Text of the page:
With less than two weeks to go before Georgia’s runoff, both sides are intensifying their efforts. Bill Clinton will hold an event with Jim Martin today, while the GOP is injecting money to boost Saxby Chambliss’s prospect. The RNC announced today that it is transferring $2 million in the coffers of the heavily indebted RNSC; the money will allow the RNSC to air a heavy rotation of advertisement over the next two weeks and help fund the GOP’s ground game.
We are already getting our first hint of turnout as the state’s Elections Division has started releasing daily early voting updates - and the news could be troubling to Democrats. Polls have been opened or two days, and African-Americans have made up 24% of early voters. That is a significant drop from the general election period, where 35% of early voters were African-American. It is still early to draw conclusions, but if those numbers hold it would be a worrisome sign for Martin’s chances and an indication that sporadic voters who went to the polls on November 4th have not been fully integrated to the political process just yet.
Meanwhile, Rasmussen released its first runoff poll (the second released by any institute, as Research 2000 found Chambliss leading by 3% last week). Rasmussen finds no change from the November 4th situation, with Chambliss leading 50% to 46%. It is very difficult to come up with an accurate turnout model, however, so most of these polls should be taken with a grain of salt - but Chambliss remains slightly favored for now.
In Minnesota, the recount was launched today! As of mid-afternoon Franken had gained a bit: With an estimated 2% of ballots recounted, Coleman’s lead sat at 212 votes (down from 215). 53 ballots have been challenged (28 by Coleman watchers and 25 by Franken watchers). The Secretary of State’s office will issue a full report of the day’s tallies at 8pm ET, and I will post an update then. (Update: Take it as a sign that we should expect quite a roller coaster during the recount, as Coleman’s lead is suddenly up at 224 votes with 4% of ballots recounted. 93 ballots have been challenged.)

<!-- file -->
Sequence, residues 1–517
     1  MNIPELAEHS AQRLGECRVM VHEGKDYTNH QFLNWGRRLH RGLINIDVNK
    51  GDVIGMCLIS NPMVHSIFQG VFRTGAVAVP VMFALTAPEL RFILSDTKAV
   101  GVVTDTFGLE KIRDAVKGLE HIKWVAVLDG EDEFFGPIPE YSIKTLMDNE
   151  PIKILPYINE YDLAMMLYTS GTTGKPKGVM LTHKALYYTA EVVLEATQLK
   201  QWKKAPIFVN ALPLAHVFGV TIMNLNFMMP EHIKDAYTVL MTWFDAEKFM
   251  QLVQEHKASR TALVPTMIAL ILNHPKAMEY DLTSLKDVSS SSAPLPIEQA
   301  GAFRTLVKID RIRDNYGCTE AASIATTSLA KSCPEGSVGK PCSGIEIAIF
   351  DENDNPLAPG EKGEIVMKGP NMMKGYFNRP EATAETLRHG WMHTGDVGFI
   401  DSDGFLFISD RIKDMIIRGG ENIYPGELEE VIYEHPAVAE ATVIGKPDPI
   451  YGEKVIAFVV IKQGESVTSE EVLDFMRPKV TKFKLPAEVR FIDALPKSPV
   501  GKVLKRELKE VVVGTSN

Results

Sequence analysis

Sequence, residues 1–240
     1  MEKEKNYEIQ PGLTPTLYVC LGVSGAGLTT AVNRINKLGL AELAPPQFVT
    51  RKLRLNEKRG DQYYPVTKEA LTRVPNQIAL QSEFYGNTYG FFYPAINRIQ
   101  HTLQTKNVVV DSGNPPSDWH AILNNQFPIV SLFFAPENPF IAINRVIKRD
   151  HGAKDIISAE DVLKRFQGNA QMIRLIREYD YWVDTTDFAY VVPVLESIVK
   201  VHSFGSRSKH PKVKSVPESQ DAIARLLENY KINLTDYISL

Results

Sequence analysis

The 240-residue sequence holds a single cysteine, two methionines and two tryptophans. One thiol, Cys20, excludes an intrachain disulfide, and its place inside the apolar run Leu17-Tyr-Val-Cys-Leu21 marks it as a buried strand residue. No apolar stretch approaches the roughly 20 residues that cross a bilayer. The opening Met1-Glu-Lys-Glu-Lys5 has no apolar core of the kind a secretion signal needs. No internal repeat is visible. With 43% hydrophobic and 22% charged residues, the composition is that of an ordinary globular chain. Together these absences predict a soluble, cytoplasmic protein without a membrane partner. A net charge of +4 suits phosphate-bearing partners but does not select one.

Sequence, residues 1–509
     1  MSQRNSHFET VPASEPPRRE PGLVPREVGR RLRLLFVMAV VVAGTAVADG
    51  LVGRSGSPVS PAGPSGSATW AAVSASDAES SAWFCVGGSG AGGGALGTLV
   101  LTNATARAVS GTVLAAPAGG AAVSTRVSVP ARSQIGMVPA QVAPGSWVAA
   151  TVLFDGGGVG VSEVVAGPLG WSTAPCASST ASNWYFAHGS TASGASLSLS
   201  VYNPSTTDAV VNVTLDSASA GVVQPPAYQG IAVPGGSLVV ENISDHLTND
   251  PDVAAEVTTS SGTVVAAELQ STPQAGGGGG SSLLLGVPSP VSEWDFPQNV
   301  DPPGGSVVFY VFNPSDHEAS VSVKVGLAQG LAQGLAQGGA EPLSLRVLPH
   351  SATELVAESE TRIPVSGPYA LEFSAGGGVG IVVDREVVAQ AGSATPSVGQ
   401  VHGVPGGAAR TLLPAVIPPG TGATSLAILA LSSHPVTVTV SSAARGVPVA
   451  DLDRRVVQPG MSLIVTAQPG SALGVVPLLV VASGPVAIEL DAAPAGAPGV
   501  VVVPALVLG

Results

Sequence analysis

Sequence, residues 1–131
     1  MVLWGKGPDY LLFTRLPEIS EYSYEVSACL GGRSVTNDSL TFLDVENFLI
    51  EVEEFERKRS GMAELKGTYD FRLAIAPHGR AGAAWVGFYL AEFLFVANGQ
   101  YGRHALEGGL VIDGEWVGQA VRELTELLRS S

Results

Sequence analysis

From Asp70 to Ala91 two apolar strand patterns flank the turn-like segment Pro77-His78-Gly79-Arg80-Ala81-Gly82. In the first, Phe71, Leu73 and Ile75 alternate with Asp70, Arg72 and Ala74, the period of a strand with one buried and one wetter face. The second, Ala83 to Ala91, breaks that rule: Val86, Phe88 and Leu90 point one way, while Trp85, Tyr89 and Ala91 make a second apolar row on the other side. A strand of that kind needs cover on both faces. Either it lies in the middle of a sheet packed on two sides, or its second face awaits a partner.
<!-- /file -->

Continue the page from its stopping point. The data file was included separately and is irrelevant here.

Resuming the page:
It is difficult to know what a ballot contains based on which campaigns is challenging it. That Franken staffers issued a challenge, for instance, could either mean that the ballot was going to be counted for Coleman but that Democrats contend it should not or that there is no clear intent; it could also mean that the ballot was going to be discarded as an under-vote but that Democrats think that the intent to vote Franken is evident. In other words, we are in this for the long haul - most probably all the way until mid-December.
At the very least, Democrats enjoyed a legal victory today when a judge ruled that Ramsey County had to provide the Franken campaign with a list of list of absentee ballots that were not counted and the reason for their rejection. The Franken campaign had sought that list with the hope of finding voters whose ballot was unduly not processed and argue for their inclusion in front of the canvassing board. (That would not happen for another three weeks.)
The long-standing hostility between the two camps, the razon-thin margin and the liberal definition of clear intent used by Minnesota election officials guarantees that the recount will be highly acrimonious and that we should expect many legal battles to be launched by both parties in what could essentially be a repeat of Washington’s 2004 gubernatorial race. For anyone interested in how absurd Minnesota’s process could become in the weeks ahead, this summary of the Washington proceeding is a good place to start.